To better understand the challenge you face when researching a “Jewelry” company, let’s take a little test. Suppose you are thinking of investing in a new video game company. They’ve built an awesome new game and you and your kids really enjoy playing it. Now, ask yourself the following question: “Am I confident that 5 million American Teenage boys, ages 12 to 18, will play this game for the next 3 years?” If you can’t answer this question, you should think twice about investing.
I have to admit, on occasion I invest in a “Jewelry” company. Maybe I find the CEO to be compelling, or maybe I just love the product. But, I make sure that these investments represent a very small percentage of my overall portfolio, and I accept that I am taking on greater risk because I have been unable to really verify the buying priorities.
How do you go about the process of determining whether a product is “Aspirin” or “Oxygen”?
As noted above, I start with the following question: Is the product a ‘Nice-to-Have’ or a ‘Need-to-Have’? As we discuss above, Aspirin (nice-to-have) helps reduce pain but isn’t critical for survival. Whereas, you can’t live without Oxygen (need-to-have). Keep in mind that this is a continuum, and that the real difference between the two categories is just a market size question and a question about buying priorities – inevitably the oxygen buyers are just a subset of the Aspirin buyers.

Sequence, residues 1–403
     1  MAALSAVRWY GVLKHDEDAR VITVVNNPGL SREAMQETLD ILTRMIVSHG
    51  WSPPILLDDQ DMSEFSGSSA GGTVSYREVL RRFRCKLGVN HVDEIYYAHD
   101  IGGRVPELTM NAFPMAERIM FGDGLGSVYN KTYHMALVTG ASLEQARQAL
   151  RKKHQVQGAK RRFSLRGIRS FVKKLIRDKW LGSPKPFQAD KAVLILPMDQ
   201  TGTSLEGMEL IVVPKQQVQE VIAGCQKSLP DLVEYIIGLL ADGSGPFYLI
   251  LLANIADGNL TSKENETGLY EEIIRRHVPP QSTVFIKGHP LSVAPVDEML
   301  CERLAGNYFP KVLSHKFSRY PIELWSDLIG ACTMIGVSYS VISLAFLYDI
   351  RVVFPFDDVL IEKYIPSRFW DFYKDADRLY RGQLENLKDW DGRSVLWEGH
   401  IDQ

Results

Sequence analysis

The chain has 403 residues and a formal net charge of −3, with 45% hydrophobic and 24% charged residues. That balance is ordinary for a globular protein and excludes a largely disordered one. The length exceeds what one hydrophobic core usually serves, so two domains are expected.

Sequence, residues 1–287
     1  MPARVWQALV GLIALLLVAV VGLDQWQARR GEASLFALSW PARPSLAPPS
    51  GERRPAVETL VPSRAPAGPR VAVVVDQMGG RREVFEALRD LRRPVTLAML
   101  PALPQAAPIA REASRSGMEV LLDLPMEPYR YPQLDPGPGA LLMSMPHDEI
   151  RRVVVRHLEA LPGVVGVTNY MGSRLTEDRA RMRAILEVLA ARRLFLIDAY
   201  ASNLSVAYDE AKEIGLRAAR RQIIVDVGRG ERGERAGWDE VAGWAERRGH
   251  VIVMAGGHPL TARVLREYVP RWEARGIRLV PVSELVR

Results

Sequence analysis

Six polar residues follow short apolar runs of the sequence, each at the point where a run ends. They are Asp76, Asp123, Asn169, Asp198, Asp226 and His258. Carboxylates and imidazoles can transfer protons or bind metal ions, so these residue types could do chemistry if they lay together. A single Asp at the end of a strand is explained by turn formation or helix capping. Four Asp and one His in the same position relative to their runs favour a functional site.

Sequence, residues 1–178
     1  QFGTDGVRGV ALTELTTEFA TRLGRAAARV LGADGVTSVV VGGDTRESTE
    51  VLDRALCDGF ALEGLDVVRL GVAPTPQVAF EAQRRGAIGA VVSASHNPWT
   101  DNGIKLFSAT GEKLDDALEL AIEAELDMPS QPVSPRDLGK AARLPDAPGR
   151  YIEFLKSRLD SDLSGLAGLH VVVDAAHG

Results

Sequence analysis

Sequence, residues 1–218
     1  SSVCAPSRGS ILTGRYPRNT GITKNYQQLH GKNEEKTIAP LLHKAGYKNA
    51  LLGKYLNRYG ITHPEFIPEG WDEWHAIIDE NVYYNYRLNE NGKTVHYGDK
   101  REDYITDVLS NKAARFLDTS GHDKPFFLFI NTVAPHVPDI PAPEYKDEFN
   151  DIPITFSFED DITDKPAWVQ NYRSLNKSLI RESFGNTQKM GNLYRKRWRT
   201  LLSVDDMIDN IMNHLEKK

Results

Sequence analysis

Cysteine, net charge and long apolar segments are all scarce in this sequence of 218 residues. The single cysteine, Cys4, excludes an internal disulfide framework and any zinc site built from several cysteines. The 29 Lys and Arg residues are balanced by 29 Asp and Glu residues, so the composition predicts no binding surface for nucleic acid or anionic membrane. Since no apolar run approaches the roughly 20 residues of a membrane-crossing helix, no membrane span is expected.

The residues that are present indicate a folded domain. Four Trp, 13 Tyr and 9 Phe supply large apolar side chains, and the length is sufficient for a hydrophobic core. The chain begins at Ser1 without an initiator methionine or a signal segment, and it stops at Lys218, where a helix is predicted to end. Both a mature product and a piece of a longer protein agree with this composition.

With that in mind, I reach out to current customers and prospects for the company’s product. During my reference checks, I focus some of my initial questions on understanding the customer’s key pain points. I ask the following two questions:
- What problem does the product solve for you?
- On your list of the top problems in your organization, where does solving this problem fall on your priority list?